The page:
Tutorial for Sneakadoodle Kid in the Tree

2015-04-09 SneakKidTreeFinal1

Summer is just around the corner, so it’s good to be prepared with some designs which celebrate the season. Nothing says summer like kids scaling trees.


Diamond FX white face paint
Diamond FX black face paint
Paradise light green face paint
Paradise dark green face paint
Paradise light brown face paint
Paradise dark brown face paint
TAG skin tones palette
#5 round brush
#2 round brush
#1 round brush


1. Begin by creating your basic upside down kid shape coming down out of the hair line using your #5 round brush and whatever color you prefer from your TAG skin tones palette. This palette is exceptionally useful, since it makes any kind of design with a character in it much faster to do, and there are a nice range of colors in it.

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On the opposite side of the face, create a tree shape using light and dark brown, and add some light green leaves on the top and grass around the bottom.

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Follow this with some dark green leaves and grass for contrast, and add a tire swing for your child to play on.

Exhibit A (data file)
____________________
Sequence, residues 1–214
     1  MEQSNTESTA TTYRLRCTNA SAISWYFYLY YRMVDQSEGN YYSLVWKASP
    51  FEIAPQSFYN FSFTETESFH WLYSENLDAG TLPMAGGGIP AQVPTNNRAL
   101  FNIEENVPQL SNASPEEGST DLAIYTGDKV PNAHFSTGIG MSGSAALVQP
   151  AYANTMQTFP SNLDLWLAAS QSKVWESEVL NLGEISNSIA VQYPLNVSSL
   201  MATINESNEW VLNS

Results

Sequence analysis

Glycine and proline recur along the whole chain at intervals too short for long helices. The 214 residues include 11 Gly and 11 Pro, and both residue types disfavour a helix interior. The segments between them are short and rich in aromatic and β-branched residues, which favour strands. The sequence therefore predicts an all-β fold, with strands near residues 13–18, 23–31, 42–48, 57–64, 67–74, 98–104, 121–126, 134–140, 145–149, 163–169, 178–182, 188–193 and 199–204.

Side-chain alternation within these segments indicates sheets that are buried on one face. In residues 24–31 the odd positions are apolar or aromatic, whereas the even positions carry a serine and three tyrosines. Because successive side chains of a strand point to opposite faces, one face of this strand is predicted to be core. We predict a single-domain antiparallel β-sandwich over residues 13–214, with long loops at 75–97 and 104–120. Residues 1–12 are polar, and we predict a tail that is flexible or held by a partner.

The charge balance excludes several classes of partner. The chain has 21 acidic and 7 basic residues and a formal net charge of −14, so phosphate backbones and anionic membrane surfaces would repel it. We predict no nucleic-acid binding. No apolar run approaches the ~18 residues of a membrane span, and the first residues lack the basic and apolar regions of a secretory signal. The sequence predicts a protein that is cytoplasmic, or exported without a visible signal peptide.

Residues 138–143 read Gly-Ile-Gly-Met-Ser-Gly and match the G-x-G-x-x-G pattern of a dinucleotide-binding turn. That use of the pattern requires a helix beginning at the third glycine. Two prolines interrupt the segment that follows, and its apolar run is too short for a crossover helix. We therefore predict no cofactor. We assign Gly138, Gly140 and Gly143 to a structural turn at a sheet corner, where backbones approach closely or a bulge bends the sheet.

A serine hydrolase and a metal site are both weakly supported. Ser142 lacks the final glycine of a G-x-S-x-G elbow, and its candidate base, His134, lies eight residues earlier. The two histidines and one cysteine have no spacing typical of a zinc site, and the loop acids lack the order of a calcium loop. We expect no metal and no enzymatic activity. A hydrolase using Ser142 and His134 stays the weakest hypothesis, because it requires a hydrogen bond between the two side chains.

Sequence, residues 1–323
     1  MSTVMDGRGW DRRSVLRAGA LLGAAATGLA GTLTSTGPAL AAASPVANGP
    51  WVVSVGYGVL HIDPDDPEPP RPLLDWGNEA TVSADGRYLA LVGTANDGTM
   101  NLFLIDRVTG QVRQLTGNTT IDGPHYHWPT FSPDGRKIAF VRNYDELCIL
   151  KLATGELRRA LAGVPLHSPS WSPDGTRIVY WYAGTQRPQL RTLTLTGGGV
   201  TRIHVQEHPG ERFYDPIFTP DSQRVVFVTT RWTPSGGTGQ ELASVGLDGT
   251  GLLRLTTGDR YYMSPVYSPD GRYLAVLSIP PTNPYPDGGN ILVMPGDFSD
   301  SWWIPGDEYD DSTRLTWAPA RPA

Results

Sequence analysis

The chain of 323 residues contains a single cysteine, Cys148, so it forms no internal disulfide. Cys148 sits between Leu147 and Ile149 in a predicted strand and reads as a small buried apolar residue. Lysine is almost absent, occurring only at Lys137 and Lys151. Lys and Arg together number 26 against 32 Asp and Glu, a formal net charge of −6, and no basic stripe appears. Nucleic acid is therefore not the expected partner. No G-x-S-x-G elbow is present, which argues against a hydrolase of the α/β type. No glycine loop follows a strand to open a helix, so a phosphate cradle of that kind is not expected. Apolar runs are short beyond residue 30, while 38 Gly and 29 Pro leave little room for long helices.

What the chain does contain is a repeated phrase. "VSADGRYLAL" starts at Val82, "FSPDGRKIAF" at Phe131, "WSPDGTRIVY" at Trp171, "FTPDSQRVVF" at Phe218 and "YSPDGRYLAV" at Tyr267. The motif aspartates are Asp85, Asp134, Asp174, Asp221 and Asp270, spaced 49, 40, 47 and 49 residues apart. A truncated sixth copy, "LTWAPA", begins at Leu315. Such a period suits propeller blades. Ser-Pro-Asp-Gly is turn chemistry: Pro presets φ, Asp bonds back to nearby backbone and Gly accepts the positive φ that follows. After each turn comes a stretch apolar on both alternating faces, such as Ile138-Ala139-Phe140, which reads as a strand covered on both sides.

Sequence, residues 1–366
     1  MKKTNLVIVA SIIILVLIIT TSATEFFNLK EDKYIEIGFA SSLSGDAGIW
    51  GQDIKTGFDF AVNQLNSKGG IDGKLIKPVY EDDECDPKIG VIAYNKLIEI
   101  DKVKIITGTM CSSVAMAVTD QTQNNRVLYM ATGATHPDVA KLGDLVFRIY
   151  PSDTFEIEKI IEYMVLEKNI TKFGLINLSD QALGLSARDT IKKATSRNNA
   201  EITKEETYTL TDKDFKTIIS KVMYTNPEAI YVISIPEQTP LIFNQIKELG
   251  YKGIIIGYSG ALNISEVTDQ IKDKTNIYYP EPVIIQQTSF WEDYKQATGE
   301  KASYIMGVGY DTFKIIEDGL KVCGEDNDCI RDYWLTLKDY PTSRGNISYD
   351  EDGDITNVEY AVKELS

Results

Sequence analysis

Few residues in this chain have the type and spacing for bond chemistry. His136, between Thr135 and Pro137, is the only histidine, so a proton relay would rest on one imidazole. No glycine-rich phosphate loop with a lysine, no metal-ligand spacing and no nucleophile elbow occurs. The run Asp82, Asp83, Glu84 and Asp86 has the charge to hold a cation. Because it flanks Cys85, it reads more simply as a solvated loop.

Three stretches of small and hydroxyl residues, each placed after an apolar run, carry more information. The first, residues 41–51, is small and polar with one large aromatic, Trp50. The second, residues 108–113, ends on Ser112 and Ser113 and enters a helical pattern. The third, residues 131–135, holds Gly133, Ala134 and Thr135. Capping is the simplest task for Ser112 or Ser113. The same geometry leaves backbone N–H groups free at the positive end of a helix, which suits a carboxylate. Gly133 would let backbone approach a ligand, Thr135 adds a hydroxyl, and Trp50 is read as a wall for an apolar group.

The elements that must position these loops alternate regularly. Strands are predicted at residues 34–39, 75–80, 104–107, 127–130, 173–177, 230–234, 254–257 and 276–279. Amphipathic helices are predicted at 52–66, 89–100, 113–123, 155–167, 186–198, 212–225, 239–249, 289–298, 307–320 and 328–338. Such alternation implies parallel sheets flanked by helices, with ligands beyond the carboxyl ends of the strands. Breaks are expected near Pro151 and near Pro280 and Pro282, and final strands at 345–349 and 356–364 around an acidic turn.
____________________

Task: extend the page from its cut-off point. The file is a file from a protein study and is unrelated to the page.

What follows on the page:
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2. Now that your main color shapes have been established, you can add some details with your #1 or #2 round brushes. On our acrobatic kid, we’re going to add some hair hanging straight down with whatever color you prefer, two colored dots for the irises of his eyes, and black detailing using Diamond FX black. (For a girl, you can change the hair style however you’d like, but I made mine a boy.) If you’re feeling especially cartoony, you can add some curved lines next to his hands to show his arms are waving.

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On the tree side, also use your #1 round brush and the Diamond FX black to put in details around the tree trunk, leaves, and grass.

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3. As a final step, we’re going to add our white highlights (as always!) by using Diamond FX white and our #1 round brush. Consider your light source as coming from the front of the face, so for the tree and swing, most of your white highlighting will be on the part of the design which is toward the nose of the person you’re painting. Don’t forget a couple of highlights in the boy’s eyes, too.

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Beth MacKinney is the owner and primary artist of Face Paint Pizzazz in the NW Chicago suburbs. She also writes for as the Chicago Face Painting Examiner.